- During the COVID-19 crisis, equity markets in most countries and regions saw significant declines. Even though markets have partially recovered from those lows, volatility remains higher than the historical average.
- Against this backdrop, rebalancing of indexes is top-of-mind for many investors, as they seek a balance between two competing objectives: market representation and index turnover.
- The MSCI Global Investable Market Index (GIMI) methodology aims to strike that balance between a timely representation of the investment opportunity set and turnover while also maintaining investability1 and replicability.
The coronavirus pandemic has caused significant volatility in equity markets. Developed markets, represented by the MSCI World Index, and emerging markets, represented by the MSCI Emerging Markets Index, both suffered declines of 34% year-to-date (as of May 12, 2020). While equity markets have partially recovered from lows earlier in the year, the impact of the pandemic across the underlying universe of securities has varied – there have been changes to company market capitalization and stock liquidity, among other company attributes. While we believe these changes warrant proceeding with our scheduled refresh of equity indexes so they best reflect the current opportunity set, some investors may be wary of higher index turnover during a relatively volatile market and the impact they may have on trading costs and index replication.
The MSCI GIMI methodology aims to find a balance within necessary trade-offs across our market-capitalization-weighted equity indexes to meet multiple objectives. Apart from aiming to provide indexes that are precise, investable and replicable, it strives to meet two other key aims:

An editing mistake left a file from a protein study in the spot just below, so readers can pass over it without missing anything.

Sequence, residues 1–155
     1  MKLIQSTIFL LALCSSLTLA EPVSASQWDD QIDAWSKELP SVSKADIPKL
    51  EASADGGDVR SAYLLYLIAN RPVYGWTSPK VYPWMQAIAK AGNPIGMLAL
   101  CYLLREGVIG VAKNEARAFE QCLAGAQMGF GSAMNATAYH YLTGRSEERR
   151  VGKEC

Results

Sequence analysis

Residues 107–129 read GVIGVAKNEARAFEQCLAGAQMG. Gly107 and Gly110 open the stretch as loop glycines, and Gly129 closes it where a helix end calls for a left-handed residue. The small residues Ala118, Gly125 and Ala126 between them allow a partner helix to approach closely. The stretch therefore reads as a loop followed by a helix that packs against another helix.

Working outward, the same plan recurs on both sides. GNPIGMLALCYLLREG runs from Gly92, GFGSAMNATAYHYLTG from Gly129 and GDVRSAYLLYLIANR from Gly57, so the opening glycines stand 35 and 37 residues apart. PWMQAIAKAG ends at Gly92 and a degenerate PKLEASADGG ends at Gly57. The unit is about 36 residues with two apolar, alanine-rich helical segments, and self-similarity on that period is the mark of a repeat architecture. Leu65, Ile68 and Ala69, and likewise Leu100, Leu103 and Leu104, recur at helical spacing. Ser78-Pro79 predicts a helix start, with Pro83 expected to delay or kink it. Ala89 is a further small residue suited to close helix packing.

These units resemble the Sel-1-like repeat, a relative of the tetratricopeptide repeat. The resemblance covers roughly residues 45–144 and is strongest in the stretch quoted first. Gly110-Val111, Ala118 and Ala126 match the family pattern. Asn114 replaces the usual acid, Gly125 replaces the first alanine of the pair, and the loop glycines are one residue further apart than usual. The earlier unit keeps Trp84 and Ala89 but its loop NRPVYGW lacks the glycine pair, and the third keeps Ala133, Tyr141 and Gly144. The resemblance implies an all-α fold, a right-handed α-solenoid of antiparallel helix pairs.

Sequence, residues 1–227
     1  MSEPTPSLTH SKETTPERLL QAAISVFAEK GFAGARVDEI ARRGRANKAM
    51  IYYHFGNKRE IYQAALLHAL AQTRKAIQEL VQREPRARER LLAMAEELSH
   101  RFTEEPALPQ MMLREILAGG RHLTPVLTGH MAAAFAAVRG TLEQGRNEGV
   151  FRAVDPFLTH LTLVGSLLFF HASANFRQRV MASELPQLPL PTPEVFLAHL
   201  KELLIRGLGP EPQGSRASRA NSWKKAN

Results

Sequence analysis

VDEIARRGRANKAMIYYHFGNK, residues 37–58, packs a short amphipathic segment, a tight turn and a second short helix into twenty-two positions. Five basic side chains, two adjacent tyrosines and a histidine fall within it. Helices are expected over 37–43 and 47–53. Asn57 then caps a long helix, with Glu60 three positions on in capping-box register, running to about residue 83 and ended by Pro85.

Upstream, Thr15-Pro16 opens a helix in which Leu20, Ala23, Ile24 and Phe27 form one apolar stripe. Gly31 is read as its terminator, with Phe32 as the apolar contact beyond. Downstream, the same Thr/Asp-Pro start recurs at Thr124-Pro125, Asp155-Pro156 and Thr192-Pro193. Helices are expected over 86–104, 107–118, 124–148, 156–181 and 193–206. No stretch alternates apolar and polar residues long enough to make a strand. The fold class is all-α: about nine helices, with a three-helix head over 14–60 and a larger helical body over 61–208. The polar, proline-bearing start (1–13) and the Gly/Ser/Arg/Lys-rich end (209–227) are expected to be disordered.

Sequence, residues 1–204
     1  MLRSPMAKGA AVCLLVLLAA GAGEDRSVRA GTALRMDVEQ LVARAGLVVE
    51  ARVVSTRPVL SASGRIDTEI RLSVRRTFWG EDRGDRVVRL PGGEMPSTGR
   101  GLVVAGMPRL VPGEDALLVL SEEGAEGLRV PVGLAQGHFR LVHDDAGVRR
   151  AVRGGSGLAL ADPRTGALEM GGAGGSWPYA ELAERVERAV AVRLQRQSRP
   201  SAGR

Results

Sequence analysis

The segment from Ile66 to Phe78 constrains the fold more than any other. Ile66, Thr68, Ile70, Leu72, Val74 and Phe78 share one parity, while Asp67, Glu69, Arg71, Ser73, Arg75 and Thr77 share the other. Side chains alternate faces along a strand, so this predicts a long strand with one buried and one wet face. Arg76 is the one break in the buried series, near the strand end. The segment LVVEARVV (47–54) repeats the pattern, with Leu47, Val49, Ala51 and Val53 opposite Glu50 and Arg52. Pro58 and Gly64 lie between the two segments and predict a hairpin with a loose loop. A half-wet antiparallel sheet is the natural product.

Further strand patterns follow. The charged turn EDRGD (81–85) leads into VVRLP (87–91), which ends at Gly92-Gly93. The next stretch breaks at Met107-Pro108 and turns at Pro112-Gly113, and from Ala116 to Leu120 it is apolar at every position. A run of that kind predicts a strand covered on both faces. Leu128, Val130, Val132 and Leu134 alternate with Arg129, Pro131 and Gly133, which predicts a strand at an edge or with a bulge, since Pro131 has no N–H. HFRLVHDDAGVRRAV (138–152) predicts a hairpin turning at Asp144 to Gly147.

- Timely reconstitution of securities to reflect the evolution of equity markets
- Limit index turnover to better support index stability and trading cost efficiency
May 2020 GIMI Index Review
In accordance with the methodology, the MSCI GIMI Indexes will be rebalanced on the last business day of May 2020, with changes effective June 1, 2020. The proforma results of the rebalancing were announced on May 12, 2020. As with previous May semi-annual index reviews (SAIRs), the May 2020 review involved reassessing companies against liquidity criteria, assigning companies to large-, mid- and small-cap size segments and applying buffer zones to reduce index turnover. Though this SAIR was scheduled, with large shifts in equity markets, the need to refresh the index in this way becomes more pressing.
Assessing the Investable Universe
The May 2020 index review will result in the timely removal of securities that do not meet the minimum liquidity threshold and help ensure the rebalanced index meets minimum liquidity requirements. Additionally, rebalancing will allow the addition of newly eligible securities, including IPOs since the November SAIR.
Assigning Companies to Large-, Mid- and Small-Cap Size Segments
The MSCI GIMI methodology assigns companies to large-, mid- and small-cap segments by determining minimum size-segment cutoffs that target market-cap coverage of 70% for large-caps indexes, 85% for standard indexes (large- and mid-cap) and 99% for IMI (large-, mid- and small-cap) in each market. Typically, when based on stock price performance alone, companies can migrate from one size segment to another, leading to index turnover. However, when equity markets move, the minimum size-segment cutoffs in the MSCI GIMI are designed to adjust as they continue to target the same market cap coverage. This provides a natural buffer for the retention of companies within the same size-segment, which can reduce turnover.